#37

My first year everything was doing very well when I used his spraying protocol. This was my second summer, and I faced many trials concerning diseases. Granted, it was an usually wet summer and the previous year was unusually dry. I think, and I’m not that experienced, that it takes a couple years for diseases to develop. Next year I plan to definitely spray copper spring and fall. No question. I intended originally to follow that book and then amend as I run into problems. I still don’t want to spray my fruit with pesticides but I am more open to at least chemical disease sprays - after replacing some of my investment a couple times due to diseases you at least want the trees to stay alive! Lol

Not trying to discourage you. I wish you luck. My brother is on a different property and also trying the organic method from that book, and he seems to have higher pest pressure than me and I have more disease pressure. But he sprayed copper that spring and I didn’t.


#38

Yes, you should definitely do what you think best. The first 3 years we didn’t do anything except soil amendments. Our trees are all between 3 to 5 years old with a few interspersed new grafts. And yes, it is disappointing to have to replace trees.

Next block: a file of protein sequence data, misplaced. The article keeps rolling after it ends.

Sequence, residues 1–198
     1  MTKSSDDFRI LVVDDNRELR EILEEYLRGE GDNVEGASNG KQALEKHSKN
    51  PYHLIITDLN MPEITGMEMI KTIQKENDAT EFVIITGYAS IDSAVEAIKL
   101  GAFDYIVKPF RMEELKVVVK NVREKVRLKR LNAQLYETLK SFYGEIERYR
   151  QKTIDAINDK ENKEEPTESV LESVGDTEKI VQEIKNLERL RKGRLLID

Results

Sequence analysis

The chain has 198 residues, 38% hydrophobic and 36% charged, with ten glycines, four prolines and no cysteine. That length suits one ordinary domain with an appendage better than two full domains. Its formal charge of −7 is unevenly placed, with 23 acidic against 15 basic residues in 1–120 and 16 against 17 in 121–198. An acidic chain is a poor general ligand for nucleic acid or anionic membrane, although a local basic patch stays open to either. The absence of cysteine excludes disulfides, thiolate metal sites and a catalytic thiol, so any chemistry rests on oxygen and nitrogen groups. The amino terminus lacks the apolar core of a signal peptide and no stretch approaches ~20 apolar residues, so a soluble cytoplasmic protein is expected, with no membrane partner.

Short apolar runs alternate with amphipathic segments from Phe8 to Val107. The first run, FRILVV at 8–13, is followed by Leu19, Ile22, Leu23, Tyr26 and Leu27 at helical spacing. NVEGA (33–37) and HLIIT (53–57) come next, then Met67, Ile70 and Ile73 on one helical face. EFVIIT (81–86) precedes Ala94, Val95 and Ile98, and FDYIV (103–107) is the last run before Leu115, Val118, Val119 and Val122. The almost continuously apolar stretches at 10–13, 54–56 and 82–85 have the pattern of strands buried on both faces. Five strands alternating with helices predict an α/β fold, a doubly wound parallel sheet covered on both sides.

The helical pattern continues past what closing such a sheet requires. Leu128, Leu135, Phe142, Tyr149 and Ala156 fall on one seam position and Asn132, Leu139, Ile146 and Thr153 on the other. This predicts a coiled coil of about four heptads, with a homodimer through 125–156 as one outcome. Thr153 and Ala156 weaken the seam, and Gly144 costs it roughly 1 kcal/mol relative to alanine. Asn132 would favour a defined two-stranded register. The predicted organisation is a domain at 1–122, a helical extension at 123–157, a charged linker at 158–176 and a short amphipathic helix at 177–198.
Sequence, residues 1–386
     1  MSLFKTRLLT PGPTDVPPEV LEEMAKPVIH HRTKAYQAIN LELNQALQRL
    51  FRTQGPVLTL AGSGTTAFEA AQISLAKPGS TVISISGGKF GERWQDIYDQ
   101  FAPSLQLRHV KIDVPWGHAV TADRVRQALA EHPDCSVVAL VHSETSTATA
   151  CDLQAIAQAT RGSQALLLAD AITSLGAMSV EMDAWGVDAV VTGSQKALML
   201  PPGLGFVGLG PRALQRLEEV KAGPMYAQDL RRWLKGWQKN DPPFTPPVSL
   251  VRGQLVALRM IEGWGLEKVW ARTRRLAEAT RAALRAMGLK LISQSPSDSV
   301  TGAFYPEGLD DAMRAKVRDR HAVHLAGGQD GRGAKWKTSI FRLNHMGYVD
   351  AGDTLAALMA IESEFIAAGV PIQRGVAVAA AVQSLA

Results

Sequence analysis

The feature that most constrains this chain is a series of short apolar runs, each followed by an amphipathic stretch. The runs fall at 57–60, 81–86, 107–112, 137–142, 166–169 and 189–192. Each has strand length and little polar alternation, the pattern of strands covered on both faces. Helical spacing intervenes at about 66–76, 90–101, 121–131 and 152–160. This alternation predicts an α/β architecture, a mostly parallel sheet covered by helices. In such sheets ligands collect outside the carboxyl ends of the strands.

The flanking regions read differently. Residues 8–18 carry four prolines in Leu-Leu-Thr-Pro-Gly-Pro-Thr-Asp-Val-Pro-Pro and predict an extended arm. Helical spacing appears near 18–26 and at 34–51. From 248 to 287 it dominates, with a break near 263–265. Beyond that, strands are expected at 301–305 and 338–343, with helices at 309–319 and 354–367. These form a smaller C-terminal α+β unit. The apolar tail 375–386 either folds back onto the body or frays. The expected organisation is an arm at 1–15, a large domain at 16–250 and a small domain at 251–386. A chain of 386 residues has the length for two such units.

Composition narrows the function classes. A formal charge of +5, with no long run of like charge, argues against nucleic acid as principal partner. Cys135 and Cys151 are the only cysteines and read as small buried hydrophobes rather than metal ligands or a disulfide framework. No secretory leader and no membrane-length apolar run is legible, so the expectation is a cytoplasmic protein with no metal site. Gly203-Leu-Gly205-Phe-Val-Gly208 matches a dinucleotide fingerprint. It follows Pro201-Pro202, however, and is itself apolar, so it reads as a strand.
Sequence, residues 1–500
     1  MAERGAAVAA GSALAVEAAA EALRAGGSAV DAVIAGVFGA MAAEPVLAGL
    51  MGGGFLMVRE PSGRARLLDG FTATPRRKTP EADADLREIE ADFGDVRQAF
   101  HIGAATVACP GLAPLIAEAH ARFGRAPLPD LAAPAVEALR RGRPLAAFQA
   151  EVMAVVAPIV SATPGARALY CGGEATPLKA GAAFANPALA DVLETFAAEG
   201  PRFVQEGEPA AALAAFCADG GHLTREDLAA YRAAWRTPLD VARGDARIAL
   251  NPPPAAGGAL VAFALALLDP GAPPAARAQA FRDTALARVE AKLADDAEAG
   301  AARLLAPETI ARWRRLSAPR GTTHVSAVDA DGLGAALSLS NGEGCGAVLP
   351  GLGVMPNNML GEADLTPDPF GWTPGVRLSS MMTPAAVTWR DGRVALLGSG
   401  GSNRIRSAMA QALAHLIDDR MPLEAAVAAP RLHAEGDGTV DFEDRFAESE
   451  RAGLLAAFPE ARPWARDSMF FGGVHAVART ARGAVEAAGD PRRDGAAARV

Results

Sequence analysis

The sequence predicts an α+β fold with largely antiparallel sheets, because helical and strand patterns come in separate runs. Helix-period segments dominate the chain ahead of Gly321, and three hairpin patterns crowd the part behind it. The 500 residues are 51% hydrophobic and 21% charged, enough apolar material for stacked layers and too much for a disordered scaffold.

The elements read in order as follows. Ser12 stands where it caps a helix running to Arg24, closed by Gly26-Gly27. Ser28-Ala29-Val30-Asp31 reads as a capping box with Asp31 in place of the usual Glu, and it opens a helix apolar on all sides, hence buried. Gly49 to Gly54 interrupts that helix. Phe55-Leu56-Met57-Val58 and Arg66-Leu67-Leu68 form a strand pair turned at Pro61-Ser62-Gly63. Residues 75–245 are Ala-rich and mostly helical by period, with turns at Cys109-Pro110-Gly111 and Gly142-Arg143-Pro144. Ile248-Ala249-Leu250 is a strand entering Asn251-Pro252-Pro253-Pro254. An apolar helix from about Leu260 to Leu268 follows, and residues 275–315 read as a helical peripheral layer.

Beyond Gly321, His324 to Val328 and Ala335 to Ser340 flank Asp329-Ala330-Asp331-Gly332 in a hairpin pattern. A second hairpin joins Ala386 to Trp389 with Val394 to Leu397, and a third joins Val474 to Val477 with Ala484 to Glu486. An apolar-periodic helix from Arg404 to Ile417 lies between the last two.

Thank you for sharing both your and your brother’s experience with the method. We don’t know what will happen here.

By the way - we do have Rescue - as an espalier, but it’s new to us - planted early this season. About 5 ft and decent caliper. No fruit yet.

I wish you the best in your orcharding!


#39

Maureen,

When I first start growing fruit trees, I had only disease resistant apples and pears. I know I could grow them organically for personal consumption. For sale, it would be tougher as customers demand “perfect fruit”.

Choosing varieties with disease resistance is the key. For my very small orchard, I have to look out for fire blight, CAR and scab on apples and fire blight and pear blister mites for pears… So far, no serious fire blight.

Once I started planting stone fruit particularly peaches, headache has begun and continue to stay. I cannot keep growing stone fruit organically. For apples and pears, they got minimal spray if any.


#40

That’s interesting. The half of our orchard where there were diseases is the half where the peaches reside. Makes sense from what you’re saying.